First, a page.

Why protect data?
We, as employees of UND, have a legal obligation (governed by laws like HIPAA and FERPA) and an ethical obligation to protect the personal information of our students, faculty, and staff, and also to protect all confidential information entrusted to us. See the NDUS Data Classification Standard to see what types of data are considered confidential and therefore should be protected. Breaches or unauthorized disclosure of confidential information could have serious implications to UND and our community members including financial losses, damage to the University’s reputation, loss of grants, and identity theft.What can I do to protect data?
There are many things you can do to protect data, but here are the top 10.
1. Foster a security-minded culture . Follow the advice in this article, and encourage your co-workers to do the same.
2. Stop collecting and storing data unnecessarily. If you don’t need to collect and store sensitive information, don’t. If you have a departmental form or process that asks for Social Security Numbers (SSN’s), student ids, or employee ids, and you don’t really need that information, don’t ask for it.
3. Don’t store sensitive data on your personal computers (especially laptops). If your department has a file server available to you, store your data on these servers. Storing sensitive data on laptops is especially risky, since laptops are more likely to be lost or stolen. You should also identify and remove all unnecessary files from your computer, especially those files that contain SSN’s, credit card numbers, driver’s license numbers, research data, or other such confidential information. You should consider installing and running Spider on your computer. It is an open source (free) software application developed at Cornell which can scan your computer and find files containing sensitive information.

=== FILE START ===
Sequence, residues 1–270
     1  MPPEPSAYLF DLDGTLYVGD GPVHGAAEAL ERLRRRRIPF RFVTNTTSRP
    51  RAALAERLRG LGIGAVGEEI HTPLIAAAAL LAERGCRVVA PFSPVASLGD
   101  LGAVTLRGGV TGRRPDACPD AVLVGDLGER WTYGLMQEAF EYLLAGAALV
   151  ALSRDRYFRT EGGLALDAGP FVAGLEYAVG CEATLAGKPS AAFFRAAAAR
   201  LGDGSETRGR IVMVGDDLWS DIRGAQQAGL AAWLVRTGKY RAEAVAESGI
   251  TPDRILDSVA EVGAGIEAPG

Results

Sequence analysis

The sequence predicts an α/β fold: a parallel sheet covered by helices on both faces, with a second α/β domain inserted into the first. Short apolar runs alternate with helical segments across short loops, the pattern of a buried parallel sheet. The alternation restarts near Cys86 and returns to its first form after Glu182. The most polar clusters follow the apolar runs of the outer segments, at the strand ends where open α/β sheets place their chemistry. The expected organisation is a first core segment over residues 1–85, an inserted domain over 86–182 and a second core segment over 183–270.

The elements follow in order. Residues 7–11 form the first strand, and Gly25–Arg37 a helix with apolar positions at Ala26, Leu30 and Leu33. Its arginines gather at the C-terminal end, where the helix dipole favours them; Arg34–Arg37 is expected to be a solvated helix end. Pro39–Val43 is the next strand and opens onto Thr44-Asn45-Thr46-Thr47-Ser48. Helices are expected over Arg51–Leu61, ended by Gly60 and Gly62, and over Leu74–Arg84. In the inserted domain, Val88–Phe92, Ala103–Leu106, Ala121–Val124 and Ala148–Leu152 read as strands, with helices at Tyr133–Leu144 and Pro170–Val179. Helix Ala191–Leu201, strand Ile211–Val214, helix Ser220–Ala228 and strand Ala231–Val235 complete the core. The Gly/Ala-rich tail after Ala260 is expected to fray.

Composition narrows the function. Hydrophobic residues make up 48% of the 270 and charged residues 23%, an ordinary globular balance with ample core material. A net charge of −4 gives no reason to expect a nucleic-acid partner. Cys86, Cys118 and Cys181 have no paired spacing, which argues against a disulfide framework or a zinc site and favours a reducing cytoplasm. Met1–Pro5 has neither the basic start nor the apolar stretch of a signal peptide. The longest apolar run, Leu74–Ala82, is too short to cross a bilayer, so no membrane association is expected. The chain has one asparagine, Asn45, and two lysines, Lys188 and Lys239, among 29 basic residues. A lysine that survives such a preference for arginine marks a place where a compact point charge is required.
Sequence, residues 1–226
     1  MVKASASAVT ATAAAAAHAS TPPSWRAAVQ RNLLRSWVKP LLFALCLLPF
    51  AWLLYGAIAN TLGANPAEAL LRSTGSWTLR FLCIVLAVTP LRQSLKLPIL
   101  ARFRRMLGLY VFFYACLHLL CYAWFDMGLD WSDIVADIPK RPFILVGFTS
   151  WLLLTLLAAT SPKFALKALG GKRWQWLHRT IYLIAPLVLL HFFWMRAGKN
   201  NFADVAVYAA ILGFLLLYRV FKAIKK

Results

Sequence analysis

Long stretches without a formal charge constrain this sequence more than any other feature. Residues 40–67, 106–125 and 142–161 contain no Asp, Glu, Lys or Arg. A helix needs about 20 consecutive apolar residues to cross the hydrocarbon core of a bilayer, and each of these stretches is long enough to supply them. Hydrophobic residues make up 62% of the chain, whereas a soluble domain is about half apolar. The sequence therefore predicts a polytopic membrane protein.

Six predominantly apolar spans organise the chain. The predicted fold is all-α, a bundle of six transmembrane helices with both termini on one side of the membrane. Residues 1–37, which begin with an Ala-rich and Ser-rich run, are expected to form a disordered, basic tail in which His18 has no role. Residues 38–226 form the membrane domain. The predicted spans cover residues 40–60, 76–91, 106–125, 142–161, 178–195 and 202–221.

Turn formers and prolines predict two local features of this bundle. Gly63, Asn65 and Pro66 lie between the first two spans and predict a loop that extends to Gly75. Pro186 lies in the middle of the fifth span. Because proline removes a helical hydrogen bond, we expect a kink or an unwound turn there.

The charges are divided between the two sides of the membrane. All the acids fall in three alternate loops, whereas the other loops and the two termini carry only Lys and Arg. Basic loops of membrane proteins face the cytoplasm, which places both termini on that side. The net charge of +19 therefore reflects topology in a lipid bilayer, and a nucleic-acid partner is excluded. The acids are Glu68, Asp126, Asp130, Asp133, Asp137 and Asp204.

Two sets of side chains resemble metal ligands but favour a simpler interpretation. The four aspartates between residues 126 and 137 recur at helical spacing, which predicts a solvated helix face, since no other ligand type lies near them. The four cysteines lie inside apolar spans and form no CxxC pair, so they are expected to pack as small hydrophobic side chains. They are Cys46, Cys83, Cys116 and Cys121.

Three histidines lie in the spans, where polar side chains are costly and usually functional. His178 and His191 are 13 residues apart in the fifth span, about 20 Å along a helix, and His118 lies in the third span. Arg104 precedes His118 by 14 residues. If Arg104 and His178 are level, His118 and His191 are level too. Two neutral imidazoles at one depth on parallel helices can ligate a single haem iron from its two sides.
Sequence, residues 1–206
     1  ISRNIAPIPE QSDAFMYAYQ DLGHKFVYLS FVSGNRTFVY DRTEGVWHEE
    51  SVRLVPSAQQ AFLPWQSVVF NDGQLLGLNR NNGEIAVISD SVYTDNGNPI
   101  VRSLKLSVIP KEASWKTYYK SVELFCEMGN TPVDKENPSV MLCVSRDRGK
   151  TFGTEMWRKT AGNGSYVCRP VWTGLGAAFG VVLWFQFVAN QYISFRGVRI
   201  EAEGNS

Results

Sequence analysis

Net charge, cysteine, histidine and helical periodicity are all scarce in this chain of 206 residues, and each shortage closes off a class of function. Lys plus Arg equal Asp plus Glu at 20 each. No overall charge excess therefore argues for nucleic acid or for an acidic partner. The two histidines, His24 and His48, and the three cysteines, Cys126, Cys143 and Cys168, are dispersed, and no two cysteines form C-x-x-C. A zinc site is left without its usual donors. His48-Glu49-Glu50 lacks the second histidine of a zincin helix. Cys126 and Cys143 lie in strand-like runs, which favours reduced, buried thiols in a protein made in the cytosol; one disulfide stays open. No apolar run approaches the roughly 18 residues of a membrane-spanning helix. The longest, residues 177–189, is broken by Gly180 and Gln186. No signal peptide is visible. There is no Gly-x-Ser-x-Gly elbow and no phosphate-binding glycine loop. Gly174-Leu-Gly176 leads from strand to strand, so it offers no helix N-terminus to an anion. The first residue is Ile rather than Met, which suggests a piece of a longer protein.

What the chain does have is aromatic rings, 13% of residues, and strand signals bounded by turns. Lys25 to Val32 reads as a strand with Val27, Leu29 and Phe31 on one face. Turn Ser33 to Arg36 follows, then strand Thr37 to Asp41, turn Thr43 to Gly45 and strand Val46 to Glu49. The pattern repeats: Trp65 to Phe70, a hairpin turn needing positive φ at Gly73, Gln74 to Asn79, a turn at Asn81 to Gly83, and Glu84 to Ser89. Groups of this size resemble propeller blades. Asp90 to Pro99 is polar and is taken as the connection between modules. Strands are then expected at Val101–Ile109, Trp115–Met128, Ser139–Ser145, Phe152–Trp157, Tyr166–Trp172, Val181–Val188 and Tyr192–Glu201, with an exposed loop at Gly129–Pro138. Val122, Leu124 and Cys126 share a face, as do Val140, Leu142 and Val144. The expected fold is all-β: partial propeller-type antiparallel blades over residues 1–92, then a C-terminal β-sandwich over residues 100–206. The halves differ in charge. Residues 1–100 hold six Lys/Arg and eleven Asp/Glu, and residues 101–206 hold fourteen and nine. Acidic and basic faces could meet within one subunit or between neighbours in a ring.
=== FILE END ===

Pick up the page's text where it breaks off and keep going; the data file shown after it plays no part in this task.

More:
4. If you must store sensitive data on your laptop, consider encrypting it . Talk to your local IT support personnel, or the IT Security Officer, about options (and risks) for encrypting data on your pc and mobile devices (like laptops, PDA’s and USB drives). Encryption is a method to transform your data so that it becomes unreadable by others, and only you have the key, typically a password, to make it readable again. The main risk is that if you lose or forget this password, you will never be able to read the data again. Window 7 and 8 have a free encryption program built-in called BitLocker, and Mac OSX includes a free encryption program called Filevault. Microsoft Office documents can be encrypted with the built-in encryption functionality. There are also a few open source encryption products available such as GnuPG, GnuPG for Windows and TrueCrypt. For more information on encryption, visit the encryption page on the IT Security website.
5. Protect the paper documents . Don’t forget about the paper printouts, forms, or other documents you may be saving that have sensitive data on them. You should dispose of these documents according to UND’s Records Retention Schedule when you no longer need them, and make sure they are properly shredded or destroyed.